Virtually all construction projects require temporary support – particularly those that involve an element of structural instability and partial demolition.
One of the most common ways of supporting structures in such projects is with the use of adjustable telescopic steel props. However this type of work is an area – identified by health and safety organisations worldwide in which a large number of accidents occur. Health and Safety organisations have also identified current practices relating to ‘temporary demountable structures’ within the events sector as potentially lacking management consistency resulting in a negative effect on safety.
Propalock is an innovative locking system, fitted to steel props, keeping them secure. Crucially, Propalock should only be operated by a designated site supervisor. This means unauthorised tampering with steel props is impossible – improving health and safety in the workplace.
Health and safety organisations have also identified current practices relating to temporary demountable structures within the events sector as potentially lacking management consistency – resulting in poorer safety.
Propalock is manufactured using engineering grade Polyamide 6 with 30 per cent glass fibre tiller. While preserving quality and strength, the resulting lower manufacturing costs enable mass volume production.
The lower cost, coupled with the product’s quality, will make Propalock more appealing to an ever more cost conscious construction industry. This in turn should lead to Propalock being adopted more readily, resulting in greater use and dramatically improving health and safety in temporary work situations.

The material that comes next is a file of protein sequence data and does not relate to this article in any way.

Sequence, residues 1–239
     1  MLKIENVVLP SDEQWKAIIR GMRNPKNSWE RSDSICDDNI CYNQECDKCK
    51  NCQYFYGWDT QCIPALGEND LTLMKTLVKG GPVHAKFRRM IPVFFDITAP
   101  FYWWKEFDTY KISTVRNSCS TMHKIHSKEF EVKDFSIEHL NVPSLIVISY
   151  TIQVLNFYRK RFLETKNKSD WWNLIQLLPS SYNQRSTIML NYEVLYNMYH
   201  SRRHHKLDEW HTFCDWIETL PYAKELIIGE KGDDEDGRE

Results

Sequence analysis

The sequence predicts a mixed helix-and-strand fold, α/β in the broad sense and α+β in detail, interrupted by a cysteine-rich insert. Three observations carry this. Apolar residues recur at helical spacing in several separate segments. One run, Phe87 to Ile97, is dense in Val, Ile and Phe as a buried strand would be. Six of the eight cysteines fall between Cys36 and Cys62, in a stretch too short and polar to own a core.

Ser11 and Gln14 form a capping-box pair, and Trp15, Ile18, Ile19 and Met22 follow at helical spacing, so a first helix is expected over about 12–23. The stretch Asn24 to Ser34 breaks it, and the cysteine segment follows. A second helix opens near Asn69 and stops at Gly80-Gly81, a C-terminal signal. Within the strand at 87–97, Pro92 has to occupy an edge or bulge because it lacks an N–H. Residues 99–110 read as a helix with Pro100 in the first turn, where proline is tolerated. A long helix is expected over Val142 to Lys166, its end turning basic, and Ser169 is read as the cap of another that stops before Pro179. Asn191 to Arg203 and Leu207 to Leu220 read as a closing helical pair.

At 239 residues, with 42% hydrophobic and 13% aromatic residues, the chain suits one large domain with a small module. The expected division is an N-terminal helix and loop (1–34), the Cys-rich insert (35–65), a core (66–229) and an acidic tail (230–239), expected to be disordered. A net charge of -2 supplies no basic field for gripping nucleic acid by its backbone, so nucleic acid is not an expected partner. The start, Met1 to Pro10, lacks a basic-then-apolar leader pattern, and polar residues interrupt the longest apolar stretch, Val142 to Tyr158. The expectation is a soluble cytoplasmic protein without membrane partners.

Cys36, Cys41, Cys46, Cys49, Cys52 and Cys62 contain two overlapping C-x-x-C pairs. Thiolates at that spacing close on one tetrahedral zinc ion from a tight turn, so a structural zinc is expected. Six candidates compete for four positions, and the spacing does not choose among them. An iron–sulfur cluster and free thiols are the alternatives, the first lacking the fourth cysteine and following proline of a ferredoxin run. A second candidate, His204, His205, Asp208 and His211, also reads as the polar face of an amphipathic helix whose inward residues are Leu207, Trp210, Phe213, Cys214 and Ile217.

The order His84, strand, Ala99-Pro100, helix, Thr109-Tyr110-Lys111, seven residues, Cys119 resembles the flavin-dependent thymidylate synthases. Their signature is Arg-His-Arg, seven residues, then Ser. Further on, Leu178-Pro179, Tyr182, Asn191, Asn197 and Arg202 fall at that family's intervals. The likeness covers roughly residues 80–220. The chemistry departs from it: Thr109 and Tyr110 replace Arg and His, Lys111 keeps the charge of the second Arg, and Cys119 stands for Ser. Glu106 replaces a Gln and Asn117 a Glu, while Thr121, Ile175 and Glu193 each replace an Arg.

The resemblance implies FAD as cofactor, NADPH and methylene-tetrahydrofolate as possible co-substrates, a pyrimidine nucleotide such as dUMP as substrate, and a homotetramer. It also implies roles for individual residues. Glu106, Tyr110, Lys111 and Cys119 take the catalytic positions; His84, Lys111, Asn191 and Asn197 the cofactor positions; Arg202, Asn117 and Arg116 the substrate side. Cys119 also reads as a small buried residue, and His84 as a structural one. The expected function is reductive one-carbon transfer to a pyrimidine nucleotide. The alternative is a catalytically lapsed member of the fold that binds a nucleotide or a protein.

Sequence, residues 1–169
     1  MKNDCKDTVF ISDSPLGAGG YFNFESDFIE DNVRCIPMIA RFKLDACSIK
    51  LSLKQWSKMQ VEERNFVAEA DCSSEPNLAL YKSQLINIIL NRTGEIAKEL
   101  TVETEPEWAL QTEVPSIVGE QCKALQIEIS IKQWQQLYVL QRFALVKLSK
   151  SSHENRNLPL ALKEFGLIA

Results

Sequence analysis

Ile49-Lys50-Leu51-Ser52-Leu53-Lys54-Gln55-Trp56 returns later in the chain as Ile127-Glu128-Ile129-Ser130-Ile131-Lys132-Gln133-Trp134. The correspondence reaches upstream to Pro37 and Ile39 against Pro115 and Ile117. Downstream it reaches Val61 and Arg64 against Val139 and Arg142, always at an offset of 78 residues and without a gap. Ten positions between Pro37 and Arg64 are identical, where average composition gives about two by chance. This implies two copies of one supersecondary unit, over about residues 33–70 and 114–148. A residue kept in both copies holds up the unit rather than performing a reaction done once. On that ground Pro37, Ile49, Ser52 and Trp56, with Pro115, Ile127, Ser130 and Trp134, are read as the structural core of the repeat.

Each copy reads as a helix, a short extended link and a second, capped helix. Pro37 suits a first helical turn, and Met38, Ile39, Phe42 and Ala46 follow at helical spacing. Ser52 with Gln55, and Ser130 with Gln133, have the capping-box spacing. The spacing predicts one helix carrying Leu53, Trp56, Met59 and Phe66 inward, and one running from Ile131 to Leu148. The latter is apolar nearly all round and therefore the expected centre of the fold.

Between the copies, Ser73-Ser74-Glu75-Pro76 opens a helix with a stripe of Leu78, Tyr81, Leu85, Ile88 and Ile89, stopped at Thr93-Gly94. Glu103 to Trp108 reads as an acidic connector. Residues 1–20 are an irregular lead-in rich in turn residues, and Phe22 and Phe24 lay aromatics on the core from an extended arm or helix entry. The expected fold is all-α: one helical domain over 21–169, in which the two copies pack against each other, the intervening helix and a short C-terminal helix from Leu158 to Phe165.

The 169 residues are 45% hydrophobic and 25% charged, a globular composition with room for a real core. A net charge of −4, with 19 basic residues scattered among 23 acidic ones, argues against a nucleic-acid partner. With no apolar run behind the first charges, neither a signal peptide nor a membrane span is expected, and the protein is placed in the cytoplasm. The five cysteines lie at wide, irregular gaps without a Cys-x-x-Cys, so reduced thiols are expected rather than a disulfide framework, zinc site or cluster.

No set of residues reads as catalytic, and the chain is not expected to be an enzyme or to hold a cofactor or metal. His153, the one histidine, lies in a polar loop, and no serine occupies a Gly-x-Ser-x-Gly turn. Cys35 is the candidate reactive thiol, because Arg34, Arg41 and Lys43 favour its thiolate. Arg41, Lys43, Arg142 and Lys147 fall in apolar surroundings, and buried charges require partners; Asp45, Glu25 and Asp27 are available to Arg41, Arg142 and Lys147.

Mountains of paperwork have been produced regarding temporary support. It is the aim of Propalock to put the ideas of that paperwork into action and to improve health and safety across sites worldwide.
In Mach 2013, three people were left injured and around 20 made homeless after this three-story terrace block collapsed. The Heath and Safety Executive (HSE) found the central wall between 192 and 194 Block H1, Sheffield collapsed after the brothers responsible failed to put in place controls to support the building during modification works. The pair were jailed.
HSE Inspectors blamed poor installation and positioning of props for the collapse of these two properties in Fulham Road, Westminster. The Buckinghamshire construction firm and its managing director were fined for multiple safety failings following the incident in January 2011.
This building in Ashton-Under-lyme collapsed seconds after a worker dislodged just a few bricks from the exterior wall. According to the instillation of Structural Engineers It was caused by a lack of planning and the use of inexperienced contractors. With Propalock such an accident could have been avoided.